The harmful effects of smoking on the health of the body are well-known. It comes as no surprise that smoking has been linked to eye disease, too. When we take a puff of a cigarette or exhale smoke, the smoke wafts upwards towards the eyes, making them water, burn, look red and feel gritty. While these effects are temporary and last only as long as the smoke exposure does, it is the toxic chemicals that are inhaled that cause lasting damage, travelling from the lungs to other parts of the body through the blood stream, and leading to biological changes in the body and the eyes. A number of chronic eye conditions are linked to smoking.


Dry eye is characterised by itchy, watery eyes, intermittent blurring of vision and a burning sensation in the eyes caused by insufficient tear production and/or poor tear quality. While it does not typically cause permanent vision damage, it is consistently irritating and uncomfortable. Exposure to smoke exacerbates the discomfort, but, more seriously, the tobacco chemicals interfere with the production of tears.


It has been found that there is a direct link between smoking and the development of cataracts, the clouding of the eye’s naturally clear lens. Symptoms of cataracts include blurry vision, difficulty seeing at night or in low light, and the appearance of colours as faded or dull. Smokers have been shown to have twice the risk of developing cataracts as non-smokers.


Smoking is a key risk factor for AMD, with smokers developing the condition on average 5 years earlier than non-smokers. AMD is a deterioration of the macula, the sensitive central area of the retina at the back of the eye which is responsible for central vision. Tobacco interferes with blood flow and causes oxidative stress, reducing the amount of oxygen and nutrients reaching the macula, gradually destroying central vision and resulting in distorted or blurred vision, blind spots and eventually vision loss. Research has shown that giving up smoking reduces the risk of macular degeneration.


Diabetic retinopathy is a progressive eye condition caused by uncontrolled elevated blood sugar levels which damage the blood vessels of the retina. The blood vessels break down, leak or become blocked, injuring the retina and permanently affecting vision. Smokers who also have diabetes risk developing diabetic retinopathy, and if they already have it, it may progress more quickly than in non-smokers.


Smoking can increase the risk of developing glaucoma, a condition typically caused by elevated pressure within the eyes. Glaucoma causes a gradual break-down of the optic nerve which is responsible for transmitting visual information from the eye to the brain where it is processed. As the nerve cells die, vision is slowly lost. Once damaged, the optic nerve does not heal; vision loss is permanent and irreversible.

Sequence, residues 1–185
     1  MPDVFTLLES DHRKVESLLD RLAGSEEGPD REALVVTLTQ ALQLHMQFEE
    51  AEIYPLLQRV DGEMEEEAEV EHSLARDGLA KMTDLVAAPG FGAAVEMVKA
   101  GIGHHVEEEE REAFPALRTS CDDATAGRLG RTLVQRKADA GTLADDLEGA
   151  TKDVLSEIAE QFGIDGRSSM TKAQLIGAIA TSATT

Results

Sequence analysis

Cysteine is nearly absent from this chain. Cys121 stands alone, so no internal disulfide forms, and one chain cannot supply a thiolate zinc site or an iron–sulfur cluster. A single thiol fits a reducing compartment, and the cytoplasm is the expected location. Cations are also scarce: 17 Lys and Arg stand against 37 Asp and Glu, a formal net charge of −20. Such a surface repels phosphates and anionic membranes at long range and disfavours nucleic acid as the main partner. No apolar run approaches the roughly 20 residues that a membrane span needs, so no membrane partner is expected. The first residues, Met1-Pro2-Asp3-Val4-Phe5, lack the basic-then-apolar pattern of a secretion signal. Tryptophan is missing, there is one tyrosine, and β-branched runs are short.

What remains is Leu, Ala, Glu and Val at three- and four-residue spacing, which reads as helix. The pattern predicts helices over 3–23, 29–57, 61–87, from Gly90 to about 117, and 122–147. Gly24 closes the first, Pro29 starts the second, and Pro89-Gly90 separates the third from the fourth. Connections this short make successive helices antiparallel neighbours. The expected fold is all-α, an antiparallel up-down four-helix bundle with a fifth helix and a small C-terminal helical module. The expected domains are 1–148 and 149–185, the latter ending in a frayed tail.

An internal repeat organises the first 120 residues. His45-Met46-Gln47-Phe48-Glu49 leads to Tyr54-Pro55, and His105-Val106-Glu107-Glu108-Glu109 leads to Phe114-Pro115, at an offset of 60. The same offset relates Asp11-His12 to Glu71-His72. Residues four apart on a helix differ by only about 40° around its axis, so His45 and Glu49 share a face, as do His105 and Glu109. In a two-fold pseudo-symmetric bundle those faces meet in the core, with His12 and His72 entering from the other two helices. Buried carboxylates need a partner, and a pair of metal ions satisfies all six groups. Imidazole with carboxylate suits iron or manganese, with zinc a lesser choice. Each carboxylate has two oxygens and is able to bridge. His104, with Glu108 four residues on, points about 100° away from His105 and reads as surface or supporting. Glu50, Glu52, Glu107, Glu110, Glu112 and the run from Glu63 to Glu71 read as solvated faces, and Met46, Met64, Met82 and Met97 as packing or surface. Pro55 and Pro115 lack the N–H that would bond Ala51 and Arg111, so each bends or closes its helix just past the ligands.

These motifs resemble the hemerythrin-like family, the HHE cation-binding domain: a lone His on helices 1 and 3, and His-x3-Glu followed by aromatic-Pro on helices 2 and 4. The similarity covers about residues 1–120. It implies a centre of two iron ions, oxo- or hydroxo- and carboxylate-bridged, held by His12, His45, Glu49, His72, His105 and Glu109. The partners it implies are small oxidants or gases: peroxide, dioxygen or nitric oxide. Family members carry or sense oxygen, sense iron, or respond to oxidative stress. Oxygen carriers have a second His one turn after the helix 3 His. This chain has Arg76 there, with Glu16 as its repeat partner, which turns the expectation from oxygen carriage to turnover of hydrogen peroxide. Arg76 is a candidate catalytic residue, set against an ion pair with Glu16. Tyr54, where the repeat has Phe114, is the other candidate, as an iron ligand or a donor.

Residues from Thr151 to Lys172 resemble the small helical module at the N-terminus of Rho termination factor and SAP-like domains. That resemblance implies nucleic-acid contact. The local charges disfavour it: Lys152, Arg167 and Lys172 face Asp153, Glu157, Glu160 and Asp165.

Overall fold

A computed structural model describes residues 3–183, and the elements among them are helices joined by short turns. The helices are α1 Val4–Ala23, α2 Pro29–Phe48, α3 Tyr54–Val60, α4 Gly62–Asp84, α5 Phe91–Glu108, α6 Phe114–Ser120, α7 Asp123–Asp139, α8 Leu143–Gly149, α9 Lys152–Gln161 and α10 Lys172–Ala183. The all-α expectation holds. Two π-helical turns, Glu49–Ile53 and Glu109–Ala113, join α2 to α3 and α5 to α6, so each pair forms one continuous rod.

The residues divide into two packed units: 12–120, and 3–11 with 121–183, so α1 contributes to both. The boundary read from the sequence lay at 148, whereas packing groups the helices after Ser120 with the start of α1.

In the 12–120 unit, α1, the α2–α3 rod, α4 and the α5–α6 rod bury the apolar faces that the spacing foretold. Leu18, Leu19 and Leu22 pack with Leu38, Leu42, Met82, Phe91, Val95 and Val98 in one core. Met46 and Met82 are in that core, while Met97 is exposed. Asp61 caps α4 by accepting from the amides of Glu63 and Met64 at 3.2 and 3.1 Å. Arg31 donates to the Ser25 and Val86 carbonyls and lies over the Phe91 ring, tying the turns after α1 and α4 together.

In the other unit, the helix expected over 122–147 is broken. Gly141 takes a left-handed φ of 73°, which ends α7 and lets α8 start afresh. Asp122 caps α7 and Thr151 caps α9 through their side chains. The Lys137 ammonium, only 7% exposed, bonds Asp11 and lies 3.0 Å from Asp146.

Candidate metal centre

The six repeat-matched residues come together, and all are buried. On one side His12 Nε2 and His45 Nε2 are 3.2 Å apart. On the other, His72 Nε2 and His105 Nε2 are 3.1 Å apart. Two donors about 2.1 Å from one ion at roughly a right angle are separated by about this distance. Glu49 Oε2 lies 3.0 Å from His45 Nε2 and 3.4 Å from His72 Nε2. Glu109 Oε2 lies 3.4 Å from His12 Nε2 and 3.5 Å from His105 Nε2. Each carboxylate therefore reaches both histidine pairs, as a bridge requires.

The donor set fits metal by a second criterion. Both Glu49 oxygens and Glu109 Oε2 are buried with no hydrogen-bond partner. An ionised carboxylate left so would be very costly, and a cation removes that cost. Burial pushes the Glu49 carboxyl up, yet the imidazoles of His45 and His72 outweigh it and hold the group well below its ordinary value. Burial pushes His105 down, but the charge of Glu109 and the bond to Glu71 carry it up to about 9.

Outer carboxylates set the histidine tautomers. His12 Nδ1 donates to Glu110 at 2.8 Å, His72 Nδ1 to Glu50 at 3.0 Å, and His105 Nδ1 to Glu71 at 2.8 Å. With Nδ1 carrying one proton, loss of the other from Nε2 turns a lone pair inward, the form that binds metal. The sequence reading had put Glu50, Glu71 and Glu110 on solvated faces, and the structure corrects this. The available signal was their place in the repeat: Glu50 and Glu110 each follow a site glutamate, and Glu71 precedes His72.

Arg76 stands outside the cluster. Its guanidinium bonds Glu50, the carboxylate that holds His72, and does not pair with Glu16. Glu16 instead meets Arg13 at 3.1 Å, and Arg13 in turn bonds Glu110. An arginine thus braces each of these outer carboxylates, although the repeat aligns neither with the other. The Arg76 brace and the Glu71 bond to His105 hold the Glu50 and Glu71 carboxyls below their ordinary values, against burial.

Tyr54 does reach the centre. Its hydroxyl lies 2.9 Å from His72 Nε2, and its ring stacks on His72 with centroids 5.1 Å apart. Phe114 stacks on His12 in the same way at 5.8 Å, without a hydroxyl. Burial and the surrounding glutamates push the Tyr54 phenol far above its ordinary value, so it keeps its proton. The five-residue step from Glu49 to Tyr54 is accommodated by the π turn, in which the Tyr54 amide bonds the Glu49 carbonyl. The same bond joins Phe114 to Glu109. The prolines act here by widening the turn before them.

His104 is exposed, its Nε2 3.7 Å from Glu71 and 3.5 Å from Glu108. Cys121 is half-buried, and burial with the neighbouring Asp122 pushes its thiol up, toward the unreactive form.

Smoking during pregnancy may harm the unborn baby’s vision. It increases the risk of premature birth, which in turn increases the risk of the baby developing retinopathy of prematurity, an eye disease in premature babies characterised by abnormal blood vessel growth in the eye that can progress to vision loss.


The uvea is the middle layer of the eye which is rich in blood vessels carrying blood and nutrients to the eye. Uveitis is inflammation of the uvea causing it to become red, swollen and painful, and interfering with the flow of blood. It can damage the retina and the iris, exacerbate other eye conditions and result in vision loss. Toxins in cigarette smoke can cause tissue inflammation, doubling the risk of smokers developing uveitis.


Graves’ disease is a condition which affects the thyroid gland. Bulging eyes may be one of the symptoms, and this can become worse in smokers.


Smokers who wear contact lenses are twice as likely as non-smokers to suffer from dry eyes, which may cause them to experience increased ocular irritation and discomfort with their contact lenses. Their risk of developing corneal ulcers is raised.


Many non-smokers experience irritation from secondhand smoke, but the effects may be more damaging than annoying, particularly for young children who have been found to show signs of smoke-related health problems, both in the body and in the eyes. New research suggests that secondhand smoke may damage children’s eyes and possibly lead to problems with vision later in life.